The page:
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'We made the change to ‘conservation agriculture’ 14 years ago'



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Farmer Tony Gent writes the weekly Word on the Ground column...

Food production is having to make many changes in the light of economics, resources and labour availability, with no help or even tangible input from a government, seemingly with its head struck firmly in the sand with a massive denial of reality. It’s so obvious government priorities are: give away trade deals, scrap standards, protection, security and reliability with more and more reliance on lorries, ships and airfreight from afar flying in the face of climate pollution.

On our farm, thankfully, we made the change now 14 years ago to ‘conservation agriculture’ – what has become fashionably known as ‘regenerative agriculture’.

The fruits of that change means the soil has changed out of all recognition in that time with a massive improvement in organic matter contributing to the much-improved friability and natural fertility.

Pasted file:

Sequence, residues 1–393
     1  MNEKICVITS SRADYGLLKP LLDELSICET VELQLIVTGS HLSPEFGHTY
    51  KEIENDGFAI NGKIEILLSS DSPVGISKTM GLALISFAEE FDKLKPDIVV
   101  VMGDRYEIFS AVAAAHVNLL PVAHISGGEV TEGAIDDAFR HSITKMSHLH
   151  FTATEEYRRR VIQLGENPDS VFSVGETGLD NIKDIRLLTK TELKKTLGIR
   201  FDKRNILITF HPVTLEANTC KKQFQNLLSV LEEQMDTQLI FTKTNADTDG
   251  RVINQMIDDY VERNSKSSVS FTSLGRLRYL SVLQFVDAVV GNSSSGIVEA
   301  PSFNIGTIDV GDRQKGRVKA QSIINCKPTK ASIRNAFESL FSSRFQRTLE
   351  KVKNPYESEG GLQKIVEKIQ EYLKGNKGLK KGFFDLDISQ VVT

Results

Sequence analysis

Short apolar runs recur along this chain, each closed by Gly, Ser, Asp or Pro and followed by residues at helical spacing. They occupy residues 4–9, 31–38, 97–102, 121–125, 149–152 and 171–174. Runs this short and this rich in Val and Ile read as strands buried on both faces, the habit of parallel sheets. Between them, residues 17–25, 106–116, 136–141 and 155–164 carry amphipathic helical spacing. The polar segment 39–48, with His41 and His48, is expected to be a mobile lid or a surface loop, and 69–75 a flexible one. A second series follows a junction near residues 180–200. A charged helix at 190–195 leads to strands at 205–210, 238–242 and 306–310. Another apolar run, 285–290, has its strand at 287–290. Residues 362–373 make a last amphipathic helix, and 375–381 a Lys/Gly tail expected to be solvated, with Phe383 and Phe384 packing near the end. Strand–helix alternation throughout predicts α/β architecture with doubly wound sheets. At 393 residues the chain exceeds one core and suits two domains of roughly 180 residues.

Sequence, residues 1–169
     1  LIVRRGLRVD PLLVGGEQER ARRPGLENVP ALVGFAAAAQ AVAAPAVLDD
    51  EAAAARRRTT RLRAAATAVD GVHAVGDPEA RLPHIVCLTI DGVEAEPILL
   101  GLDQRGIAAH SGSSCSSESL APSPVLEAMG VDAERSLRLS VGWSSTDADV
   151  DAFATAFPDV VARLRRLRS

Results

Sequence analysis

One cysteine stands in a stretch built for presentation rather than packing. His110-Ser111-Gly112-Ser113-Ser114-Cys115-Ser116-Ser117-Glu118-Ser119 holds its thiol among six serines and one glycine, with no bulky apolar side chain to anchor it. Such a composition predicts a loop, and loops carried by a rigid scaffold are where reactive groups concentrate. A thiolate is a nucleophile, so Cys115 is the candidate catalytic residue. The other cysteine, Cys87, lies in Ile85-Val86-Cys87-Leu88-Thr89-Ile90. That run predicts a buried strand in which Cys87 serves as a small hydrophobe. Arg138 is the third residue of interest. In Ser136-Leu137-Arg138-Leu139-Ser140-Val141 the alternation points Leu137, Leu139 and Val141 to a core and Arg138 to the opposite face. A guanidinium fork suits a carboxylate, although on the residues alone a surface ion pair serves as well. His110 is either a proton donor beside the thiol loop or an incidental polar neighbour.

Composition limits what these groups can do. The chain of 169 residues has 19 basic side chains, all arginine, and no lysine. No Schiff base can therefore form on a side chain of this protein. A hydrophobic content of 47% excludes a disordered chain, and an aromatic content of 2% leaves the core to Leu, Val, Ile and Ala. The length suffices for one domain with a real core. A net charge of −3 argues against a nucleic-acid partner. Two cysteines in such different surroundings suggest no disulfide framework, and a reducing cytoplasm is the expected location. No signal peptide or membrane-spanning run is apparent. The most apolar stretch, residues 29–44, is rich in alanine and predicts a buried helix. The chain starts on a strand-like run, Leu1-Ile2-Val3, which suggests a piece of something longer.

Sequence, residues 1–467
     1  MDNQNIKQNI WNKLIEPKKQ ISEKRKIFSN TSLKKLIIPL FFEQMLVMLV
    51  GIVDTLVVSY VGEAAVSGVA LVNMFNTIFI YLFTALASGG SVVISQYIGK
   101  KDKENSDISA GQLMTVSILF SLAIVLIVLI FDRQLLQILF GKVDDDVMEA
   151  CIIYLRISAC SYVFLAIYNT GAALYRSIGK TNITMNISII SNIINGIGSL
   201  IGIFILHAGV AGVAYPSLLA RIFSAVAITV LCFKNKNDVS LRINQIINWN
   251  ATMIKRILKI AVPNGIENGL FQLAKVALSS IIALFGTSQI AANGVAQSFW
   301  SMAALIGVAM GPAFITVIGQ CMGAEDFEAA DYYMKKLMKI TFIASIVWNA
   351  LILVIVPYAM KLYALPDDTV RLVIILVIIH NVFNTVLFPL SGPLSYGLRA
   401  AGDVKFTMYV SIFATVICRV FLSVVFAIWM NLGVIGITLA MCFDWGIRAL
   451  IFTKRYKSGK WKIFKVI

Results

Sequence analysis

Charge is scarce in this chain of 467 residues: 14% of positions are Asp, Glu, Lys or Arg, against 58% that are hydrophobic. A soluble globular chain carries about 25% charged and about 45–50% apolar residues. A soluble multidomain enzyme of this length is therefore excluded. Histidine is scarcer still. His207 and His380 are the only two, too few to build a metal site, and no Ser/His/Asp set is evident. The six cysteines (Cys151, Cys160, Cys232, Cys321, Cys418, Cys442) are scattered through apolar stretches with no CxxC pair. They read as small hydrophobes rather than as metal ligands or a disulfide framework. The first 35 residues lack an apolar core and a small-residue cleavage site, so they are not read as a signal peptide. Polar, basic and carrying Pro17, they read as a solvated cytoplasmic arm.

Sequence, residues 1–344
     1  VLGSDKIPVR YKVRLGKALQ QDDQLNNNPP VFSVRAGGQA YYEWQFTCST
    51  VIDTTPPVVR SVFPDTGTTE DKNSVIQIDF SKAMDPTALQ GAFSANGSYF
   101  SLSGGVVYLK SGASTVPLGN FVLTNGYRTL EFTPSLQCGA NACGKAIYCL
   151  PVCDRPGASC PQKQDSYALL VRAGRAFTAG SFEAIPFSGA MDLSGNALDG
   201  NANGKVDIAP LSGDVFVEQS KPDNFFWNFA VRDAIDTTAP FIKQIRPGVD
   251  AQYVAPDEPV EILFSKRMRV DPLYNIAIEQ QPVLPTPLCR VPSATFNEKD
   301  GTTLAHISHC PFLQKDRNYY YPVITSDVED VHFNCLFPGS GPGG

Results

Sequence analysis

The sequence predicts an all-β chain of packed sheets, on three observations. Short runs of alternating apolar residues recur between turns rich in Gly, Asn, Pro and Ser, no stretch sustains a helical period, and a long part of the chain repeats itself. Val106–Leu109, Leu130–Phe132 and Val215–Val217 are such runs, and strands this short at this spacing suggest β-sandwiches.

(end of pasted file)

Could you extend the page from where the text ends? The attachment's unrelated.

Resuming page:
Tony Gent (56120216)
Tony Gent (56120216)

Also, due to reduced field operations, the return of natural predators and defensive organisms. We now don’t use insecticides on our farm and very little slug control. Natural fertility is obviously enhanced with improved soil biology, but also there is a clear benefit from the redevelopment of mycorrhiza. This is a naturally accruing fungal that attaches to plants roots and acts as an extension to their roots, feeding in moisture and nutrition from much a wider source. Cultivation destroys mycorrhiza.

So, in practice, it’s a win win for our soils, the environment, economics and above all with the reverse of soil degradation that leads to sustainability.

The main first step is to dramatically reduce soil movement and completely stop any aggressive soil inversion operations, endeavour not to leave the soil exposed to sun light and having some form of plant cover all the time, maintaining a continuous surface cover and root structure.

With all this, our very valuable soil has become much more stable against seasonal weather extremes, leading to much better natural drainage with excessive wet conditions and because of its development, natural stable pores throughout the structure retains usable moisture in extreme dry conditions.

With enhanced worms and microbial activity, the soil does not compact, with heavy machine traffic damage being naturally repaired. Overall, crop yields are at least maintained and in some cases as the soil improves, enhanced.

Also, now to have a recognised method of carbon sequestration for reduced tillage producing measured and monitored carbon certificates, that can be traded directly for cash or become part of your product enhancement.



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